Learning to Swim in a Pandemic
Updated: Aug 20
CONTRIBUTOR: Jeff Hausman is the Founder & President of Arrupe Virtual
Back to school we go. Buckle up; it promises to be a wild ride.
Recently, I’ve been talking about how administrators and teachers have been thrown into the deep end of the pool. While I think this analogy works, earlier today it occurred to me that while the depth of the water is important, it’s the capacity to swim that really matters. Reversing the old adage, for those in education in 2020, it’s “swim or sink.”
While I certainly don’t wish to relive it, this spring and summer have graced me with some of the most rewarding experiences of my 25 years in education, particularly since founding AVLI (formerly Jesuit Virtual Learning Academy) in 2007. I’ve witnessed some extraordinary people going to extraordinary lengths to ensure that this fall we can do some very ordinary things - teach, share, learn, know, care, love.
Whether it’s parents exploring options, administrators sharing strategies during sessions we hosted, or the more than 500 teachers who participated in AVLI professional development programming this summer, I see a lot of people trying to learn how to swim in these new waters. While these efforts have been inspiring, I’m reminded of an episode of the Big Bang Theory where Sheldon Cooper claims to know how to swim while never getting in the water, instead studying how to do so on the internet because, “the skills are transferable.” In spite of all of our planning and preparations, we won’t know if we can truly swim until we get in the water. With the start of the fall term, that time has arrived. It’s time to jump in!
Truth be told, I’m not a great swimmer, and my most vivid memories of learning to swim revolve around one specific activity, the back float. This was among the first skills learned at a very young age, and I still recall the feelings. Few times have I ever felt such a confluence of conflicting forces. In that moment, it seemed as if nothing else mattered; my unyielding desire to float was met directly by an equally strong sense of self-preservation. In the end, fear carried the day. No matter how hard I tried to relax, the moment I felt that I might be sinking, I’d fight. To this day, I’m not sure that I could float.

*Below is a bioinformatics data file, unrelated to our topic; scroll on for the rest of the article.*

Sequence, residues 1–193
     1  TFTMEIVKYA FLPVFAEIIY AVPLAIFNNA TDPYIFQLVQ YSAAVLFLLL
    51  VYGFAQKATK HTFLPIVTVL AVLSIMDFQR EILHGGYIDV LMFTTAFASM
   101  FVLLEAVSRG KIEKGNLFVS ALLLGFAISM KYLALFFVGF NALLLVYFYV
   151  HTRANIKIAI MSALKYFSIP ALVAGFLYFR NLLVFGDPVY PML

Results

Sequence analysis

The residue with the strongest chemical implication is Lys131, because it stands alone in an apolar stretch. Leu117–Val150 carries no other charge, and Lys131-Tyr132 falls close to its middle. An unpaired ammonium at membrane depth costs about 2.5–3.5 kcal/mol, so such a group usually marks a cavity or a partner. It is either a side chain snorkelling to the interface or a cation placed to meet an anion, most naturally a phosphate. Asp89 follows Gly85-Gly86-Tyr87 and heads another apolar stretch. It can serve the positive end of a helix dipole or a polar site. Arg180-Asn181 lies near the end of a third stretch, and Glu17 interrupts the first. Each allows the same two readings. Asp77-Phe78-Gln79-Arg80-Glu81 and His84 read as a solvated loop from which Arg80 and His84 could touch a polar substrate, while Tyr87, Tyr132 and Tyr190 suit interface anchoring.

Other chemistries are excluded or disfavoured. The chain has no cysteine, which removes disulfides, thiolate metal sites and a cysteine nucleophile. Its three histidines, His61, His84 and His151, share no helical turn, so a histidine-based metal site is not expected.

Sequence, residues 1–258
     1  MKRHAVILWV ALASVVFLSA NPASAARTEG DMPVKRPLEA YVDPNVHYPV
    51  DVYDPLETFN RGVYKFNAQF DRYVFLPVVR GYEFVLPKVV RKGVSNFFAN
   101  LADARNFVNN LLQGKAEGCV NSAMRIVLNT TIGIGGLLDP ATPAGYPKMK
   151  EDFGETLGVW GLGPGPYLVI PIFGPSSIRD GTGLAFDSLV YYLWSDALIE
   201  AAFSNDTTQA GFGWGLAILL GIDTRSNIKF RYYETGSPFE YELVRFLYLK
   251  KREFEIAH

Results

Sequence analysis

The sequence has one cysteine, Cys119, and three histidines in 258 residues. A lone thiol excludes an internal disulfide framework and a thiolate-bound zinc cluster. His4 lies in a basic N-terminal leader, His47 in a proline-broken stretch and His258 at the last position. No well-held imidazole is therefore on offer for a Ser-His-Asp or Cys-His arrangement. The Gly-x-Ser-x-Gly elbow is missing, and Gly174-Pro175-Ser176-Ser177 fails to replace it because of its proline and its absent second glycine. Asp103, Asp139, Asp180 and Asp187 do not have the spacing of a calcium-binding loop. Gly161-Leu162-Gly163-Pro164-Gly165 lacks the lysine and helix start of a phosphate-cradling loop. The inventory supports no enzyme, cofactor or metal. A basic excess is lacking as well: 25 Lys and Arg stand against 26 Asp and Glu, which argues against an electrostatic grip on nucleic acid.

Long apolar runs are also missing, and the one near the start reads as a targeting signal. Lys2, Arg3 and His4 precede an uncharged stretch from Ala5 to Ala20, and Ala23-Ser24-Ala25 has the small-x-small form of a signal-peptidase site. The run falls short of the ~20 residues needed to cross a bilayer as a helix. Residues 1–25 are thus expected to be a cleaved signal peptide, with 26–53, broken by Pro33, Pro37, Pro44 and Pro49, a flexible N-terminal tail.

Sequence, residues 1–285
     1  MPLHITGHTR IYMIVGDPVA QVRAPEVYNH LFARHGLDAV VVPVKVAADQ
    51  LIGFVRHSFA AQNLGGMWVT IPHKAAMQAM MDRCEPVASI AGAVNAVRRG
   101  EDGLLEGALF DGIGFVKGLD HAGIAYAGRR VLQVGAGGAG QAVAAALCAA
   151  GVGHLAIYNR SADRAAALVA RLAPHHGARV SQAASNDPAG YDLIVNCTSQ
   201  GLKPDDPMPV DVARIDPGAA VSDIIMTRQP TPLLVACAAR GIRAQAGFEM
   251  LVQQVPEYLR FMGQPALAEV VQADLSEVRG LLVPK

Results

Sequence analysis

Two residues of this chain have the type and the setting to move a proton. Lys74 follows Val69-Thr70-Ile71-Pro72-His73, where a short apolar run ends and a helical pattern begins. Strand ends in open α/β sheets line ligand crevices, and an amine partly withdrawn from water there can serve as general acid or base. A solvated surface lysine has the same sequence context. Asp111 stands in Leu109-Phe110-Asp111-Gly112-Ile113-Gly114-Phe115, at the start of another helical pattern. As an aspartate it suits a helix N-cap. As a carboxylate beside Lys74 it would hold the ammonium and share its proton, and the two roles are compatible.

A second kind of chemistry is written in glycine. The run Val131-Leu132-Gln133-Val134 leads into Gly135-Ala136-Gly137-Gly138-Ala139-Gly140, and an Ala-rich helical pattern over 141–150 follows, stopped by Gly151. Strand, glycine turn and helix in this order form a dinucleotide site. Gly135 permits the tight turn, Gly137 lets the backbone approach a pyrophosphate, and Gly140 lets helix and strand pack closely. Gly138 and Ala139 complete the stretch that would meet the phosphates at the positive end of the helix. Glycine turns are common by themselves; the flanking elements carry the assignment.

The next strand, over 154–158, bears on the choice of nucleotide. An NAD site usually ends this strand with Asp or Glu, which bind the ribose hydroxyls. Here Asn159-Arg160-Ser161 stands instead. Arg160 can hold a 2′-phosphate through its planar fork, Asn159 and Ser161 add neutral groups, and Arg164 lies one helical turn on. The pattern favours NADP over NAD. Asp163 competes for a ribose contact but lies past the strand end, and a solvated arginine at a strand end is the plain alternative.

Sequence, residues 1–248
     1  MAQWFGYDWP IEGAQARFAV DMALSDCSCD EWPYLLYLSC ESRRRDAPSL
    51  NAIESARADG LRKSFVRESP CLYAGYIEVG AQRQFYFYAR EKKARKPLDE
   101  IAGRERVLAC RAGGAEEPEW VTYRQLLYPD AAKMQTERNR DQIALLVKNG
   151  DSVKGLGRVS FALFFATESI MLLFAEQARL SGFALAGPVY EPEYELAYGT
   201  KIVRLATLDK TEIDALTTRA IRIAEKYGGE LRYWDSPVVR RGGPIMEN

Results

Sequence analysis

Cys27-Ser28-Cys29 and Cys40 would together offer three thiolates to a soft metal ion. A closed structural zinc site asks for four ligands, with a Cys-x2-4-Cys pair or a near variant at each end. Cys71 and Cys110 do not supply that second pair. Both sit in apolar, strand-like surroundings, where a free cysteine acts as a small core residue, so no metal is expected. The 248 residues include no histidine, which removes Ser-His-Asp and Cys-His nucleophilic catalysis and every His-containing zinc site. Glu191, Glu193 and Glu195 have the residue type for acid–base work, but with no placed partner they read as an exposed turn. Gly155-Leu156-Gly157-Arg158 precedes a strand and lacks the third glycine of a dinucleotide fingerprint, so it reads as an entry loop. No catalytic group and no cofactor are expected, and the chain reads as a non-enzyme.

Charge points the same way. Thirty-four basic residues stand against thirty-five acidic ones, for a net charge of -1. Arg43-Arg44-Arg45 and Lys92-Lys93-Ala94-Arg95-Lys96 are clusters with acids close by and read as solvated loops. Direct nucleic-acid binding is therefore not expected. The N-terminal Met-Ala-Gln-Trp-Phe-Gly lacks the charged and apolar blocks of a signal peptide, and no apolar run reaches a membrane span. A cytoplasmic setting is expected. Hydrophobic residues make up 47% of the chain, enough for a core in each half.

Interestingly, one of my most cherished parenting memories is helping my children learn to float. Standing by with my hands just below the surface of the water as they struggled with the same fears and desires I experienced thirty years prior. Knowing that they are safe. Offering reassurance, “I’ve got you. I’ve got you…” What a simple, powerful moment as a parent.
I offer you my back float experiences in that you might find yourself in a similarly conflicted state heading into this school year. On the one end, you may be excited about the possibilities and emboldened by your preparedness. On the other end, there is most certainly a fear of the unknown. Will it be safe? How will I manage? What mental and emotional toll will this year take on students, teachers, staff, and parents? Will the strategies I’ve prepared actually work? Will students learn?
The one certainty in all of this is that you will soon find yourself in the water (if you aren’t there already). The good news is that your preparations will pay off. At times you’ll swim and make progress. However, other times will likely be difficult. Things will change too quickly and you may struggle to find your bearings. These are the times when you will need to float - to surrender and trust the weight of the experience to keep you buoyant until you are able to swim once again.
Prayer helps. During one particularly difficult period in the early days of AVLI (then JVLA), almost daily I would lie down on the floor in “star” position and imagine myself floating in a large pool. I’d bring to those moments all of my fears, anxieties, and feelings of inadequacy. Then I’d ask for help and simply wait until I could feel the reassurance of God’s presence keeping me afloat.
Much like me with my kids, I think God cherishes these moments. I imagine God there, smiling, knowing that I am safe, and telling me, “I’ve got you.”
Blessings to you and your families this school year. Be brave and swim hard.
vol 3 issue 1